I visited one of the trout lily colonies (Erythronium americanum) I know of last Saturday and didn’t see a single blossom. I went back on Sunday and there must have been at least a hundred plants blooming. Saturday was cool, cloudy and drizzly and Sunday was sunny and warm, so that must have had something to do with it. Trout lilies are in the lily family and it’s easy to see why; they look just like a miniature Canada lily. The six stamens in the blossom start out bright yellow but quickly turn brown and start shedding pollen. Three erect stigmata will catch any pollen that visiting insects might bring. Nectar is produced at the base of the petals and sepals (tepals) as it is in all members of the lily family, and attracts several kinds of bees. The plant will produce a light green, oval, three part seed capsule 6-8 weeks after blooming if pollination has been successful. The seeds of trout lilies are dispersed by ants which eat their rich, fatty seed coat and leave the seeds to grow into bulbs. They’ve obviously been working very hard with this colony.

There are tens of thousands of plants in this colony alone, but bloom times are staggered. Each plant grows from a single bulb and can take 7-10 years to produce a flower, so if you see a large colony of flowering trout lily plants you know it has been there for a while. I’ve read that some large colonies can be as much as 300 years old. Another name for the plant is fawn lily, because the mottled leaves reminded someone of a whitetail deer fawn. Native Americans cooked the small bulbs or dried them for winter food.  Black bears love them and deer and moose eat the seed pods.

Spring beauties (Claytonia virginica) grow among the trout lilies in their own huge colony of many thousands of plants, so I couldn’t miss them. I also couldn’t resist taking far too many photos of them again.

What a perfect name is spring beauty for such a beautiful spring flower.

I’m guessing that I’ll be showing lilacs in my next flower post. I look forward to smelling their wonderful fragrance again.

A flower’s appeal is in its contradictions — so delicate in form yet strong in fragrance, so small in size yet big in beauty, so short in life yet long on effect.  Terri Guillemets

Thanks for coming by.

 

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We haven’t seen a cloud in the sky here for the last two weeks, so I apologize for the harsh lighting in some of these shots.

 1. Wild Cherry Blossoms

The many different native white flowered trees have just started blooming. Soon they will brighten the roadsides in every town in the county. This is a cherry (Prunus) but I’m not sure which one.

 2. Magnolia Blossoms

The magnolias didn’t have room for even one more flower this year. They’ve been beautiful.

 3. Woodland Garden

Last weekend I saw what a couple of well-placed magnolias, a cherry tree or two, and a few hundred daffodils can look like. It was an amazing spring display, but I couldn’t help wondering what it would look like in the summer.

4. White Trillium

I saw a few white trilliums (Trillium grandiflorum) in the woods near the woodland garden in the previous photo, but I’m not sure if they are natural or if they had been planted.  However they got there, they were very beautiful and are rarely seen in our woods.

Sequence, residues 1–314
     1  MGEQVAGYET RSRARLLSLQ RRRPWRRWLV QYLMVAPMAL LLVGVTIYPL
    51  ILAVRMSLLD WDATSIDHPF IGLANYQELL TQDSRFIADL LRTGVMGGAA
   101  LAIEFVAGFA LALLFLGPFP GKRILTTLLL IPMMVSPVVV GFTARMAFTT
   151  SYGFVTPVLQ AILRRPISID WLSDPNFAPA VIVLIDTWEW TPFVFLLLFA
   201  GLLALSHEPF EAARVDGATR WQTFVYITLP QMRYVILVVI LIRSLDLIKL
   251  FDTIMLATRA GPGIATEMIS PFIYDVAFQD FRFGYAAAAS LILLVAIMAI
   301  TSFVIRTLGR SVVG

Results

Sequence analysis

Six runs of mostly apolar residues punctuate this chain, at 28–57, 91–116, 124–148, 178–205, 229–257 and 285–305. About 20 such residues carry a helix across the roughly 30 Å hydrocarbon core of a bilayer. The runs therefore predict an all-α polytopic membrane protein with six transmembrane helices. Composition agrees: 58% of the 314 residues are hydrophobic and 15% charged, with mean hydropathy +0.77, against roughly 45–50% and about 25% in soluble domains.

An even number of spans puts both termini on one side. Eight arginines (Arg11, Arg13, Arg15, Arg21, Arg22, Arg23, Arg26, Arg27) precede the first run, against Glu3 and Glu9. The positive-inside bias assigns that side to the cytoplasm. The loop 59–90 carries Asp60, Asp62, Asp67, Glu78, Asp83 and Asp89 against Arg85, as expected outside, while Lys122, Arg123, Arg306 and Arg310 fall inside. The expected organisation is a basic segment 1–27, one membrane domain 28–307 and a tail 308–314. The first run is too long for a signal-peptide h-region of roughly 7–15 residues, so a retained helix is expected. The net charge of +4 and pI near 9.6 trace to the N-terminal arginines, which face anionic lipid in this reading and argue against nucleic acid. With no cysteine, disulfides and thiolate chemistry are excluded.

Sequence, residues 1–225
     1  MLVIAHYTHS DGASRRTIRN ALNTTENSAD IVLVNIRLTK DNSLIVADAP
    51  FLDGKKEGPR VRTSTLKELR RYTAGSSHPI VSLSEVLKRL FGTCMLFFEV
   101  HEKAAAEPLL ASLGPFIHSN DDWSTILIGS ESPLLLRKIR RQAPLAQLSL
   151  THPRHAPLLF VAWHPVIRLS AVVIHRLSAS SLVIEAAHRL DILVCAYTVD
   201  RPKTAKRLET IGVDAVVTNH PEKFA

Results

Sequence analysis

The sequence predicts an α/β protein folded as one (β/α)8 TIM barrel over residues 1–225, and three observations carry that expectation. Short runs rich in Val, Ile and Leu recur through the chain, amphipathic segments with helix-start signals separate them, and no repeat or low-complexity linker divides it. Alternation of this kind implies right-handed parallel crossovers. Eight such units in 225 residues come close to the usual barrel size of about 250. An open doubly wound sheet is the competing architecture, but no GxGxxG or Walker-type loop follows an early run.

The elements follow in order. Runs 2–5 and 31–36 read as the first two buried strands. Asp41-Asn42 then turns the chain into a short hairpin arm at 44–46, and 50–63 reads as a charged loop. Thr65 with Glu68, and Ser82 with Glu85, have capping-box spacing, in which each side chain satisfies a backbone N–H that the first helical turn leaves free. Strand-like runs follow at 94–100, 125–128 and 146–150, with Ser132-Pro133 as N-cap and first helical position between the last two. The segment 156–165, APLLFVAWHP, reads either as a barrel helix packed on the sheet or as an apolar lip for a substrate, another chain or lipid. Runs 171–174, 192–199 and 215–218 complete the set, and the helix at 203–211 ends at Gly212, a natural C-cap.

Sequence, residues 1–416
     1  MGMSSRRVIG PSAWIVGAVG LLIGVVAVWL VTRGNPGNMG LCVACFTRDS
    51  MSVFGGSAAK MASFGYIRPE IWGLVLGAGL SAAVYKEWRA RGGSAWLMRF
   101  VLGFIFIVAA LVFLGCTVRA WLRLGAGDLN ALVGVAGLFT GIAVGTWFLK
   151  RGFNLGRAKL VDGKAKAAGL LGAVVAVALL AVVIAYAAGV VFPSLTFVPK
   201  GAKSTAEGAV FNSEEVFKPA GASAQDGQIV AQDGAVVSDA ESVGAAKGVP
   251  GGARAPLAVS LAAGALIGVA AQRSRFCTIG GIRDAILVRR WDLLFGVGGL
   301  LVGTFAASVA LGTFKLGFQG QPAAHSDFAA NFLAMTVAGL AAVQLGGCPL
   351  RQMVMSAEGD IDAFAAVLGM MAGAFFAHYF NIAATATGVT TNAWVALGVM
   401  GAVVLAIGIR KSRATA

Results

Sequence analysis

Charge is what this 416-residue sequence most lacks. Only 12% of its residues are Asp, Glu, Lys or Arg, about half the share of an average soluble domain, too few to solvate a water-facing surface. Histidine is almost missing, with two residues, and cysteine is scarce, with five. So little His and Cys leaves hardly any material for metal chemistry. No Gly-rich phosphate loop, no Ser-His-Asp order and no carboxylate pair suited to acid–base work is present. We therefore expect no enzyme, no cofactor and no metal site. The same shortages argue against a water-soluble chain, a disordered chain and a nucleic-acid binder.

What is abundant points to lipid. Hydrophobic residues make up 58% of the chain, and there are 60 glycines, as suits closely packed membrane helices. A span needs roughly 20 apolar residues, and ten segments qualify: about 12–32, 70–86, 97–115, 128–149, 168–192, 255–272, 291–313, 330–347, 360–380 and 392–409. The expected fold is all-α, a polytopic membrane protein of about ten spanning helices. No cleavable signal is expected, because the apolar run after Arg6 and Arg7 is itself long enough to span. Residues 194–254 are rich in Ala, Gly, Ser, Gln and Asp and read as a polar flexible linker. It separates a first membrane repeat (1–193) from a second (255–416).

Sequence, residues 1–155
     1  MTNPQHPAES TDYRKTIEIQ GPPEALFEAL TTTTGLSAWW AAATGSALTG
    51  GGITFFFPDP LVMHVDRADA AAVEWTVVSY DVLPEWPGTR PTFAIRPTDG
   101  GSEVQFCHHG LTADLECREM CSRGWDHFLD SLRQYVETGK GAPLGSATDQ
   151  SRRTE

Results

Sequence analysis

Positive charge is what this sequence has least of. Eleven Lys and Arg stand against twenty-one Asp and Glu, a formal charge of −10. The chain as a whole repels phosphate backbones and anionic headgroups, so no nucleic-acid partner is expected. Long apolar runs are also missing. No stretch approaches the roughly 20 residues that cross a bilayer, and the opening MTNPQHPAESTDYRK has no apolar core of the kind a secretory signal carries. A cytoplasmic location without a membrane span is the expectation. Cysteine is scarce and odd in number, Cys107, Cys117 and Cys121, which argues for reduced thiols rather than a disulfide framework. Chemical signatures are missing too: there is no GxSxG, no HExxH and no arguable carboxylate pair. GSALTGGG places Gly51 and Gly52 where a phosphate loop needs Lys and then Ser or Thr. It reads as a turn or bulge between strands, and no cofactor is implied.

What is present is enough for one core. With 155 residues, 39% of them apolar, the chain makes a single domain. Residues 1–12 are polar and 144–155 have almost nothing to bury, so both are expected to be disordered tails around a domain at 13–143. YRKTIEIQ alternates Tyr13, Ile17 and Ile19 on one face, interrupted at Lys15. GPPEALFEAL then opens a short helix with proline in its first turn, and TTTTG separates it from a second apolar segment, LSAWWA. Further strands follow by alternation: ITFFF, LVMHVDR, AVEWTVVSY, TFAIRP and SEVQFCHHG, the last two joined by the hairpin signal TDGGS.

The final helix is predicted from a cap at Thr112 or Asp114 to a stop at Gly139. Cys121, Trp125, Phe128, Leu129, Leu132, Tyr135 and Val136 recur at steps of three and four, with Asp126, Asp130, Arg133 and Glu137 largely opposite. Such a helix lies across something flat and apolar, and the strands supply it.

If you want to see a rare and most beautiful display of white trilliums and other flowers, check out Jerry’s blog, Quiet Solo Pursuits, by clicking here.

 5. Japanese Andromeda Blossoms

Japanese Andromeda flowers (Pieris japonica) resemble many others, including grape hyacinth and blueberry.

 6. Fern Leaved Bleeding Heart

In the garden fern leaved bleeding heart (Dicentra eximia) has just started blooming. This is one of my favorites.

7. Coltsfoot Flowers

I saw more coltsfoot plants (Tussilago farfara) in one place than I ever have on this trail recently. They extended well out of the photo to the right. Coltsfoot has just about finished the end of its blooming period.

 8. Anemone

I think that what I thought were native rue anemones (Thalictrum thalictroides) are actually false rue anemones (Enemion biternatum,) which are also native. The leaf shape helps identify each plant but I want to find them both so I can be sure. Both are just starting their blooming period. As if that isn’t complicated enough, there are also wood anemones (Anemone quinquefolia ,) that resemble the other two.  Maybe I should just say that this photo of some type of anemone.

 9. Ginger Flowering

Native ginger (Asarum canadense) has just started blossoming as well but the flower is hard to see.  This plant isn’t related to the ginger we buy in stores, but Native Americans dried and ground the root and used it as a seasoning. Scientists believe that the plants may contain poisonous compounds and do not recommend eating any part of them. The plant also contains two different types of antibiotics and was used as a poultice to heal wounds by both Native Americans and early settlers.

10. Ginger Flower

It’s a small and not very colorful flower, but interesting. The reason the flower is so close to the ground is because it is pollinated by flies that look for the carcasses of dead animals after they emerge in the spring. That is also why the flower is the color of decomposing flesh-it fools the flies into pollinating it.

11. Norway Maple Blossoms

The flowers of Norway maples (Acer platanoides) appear well after those of red maples. These trees are native to Europe and are considered an invasive species. White sap in the leaf stem (petiole) is one way to tell Norway maples from sugar maples, which have clear sap.

 12. Dandelions and Ground Ivy

I’ve seen a lot of beautiful man-made gardens but I think this display of dandelions and ground ivy (Glechoma hederacea) is every bit as beautiful.

What is lovely never dies, but passes into other loveliness, star-dust, or sea-foam, flower or winged air. ~ Thomas Bailey Aldrich

Thanks for stopping in.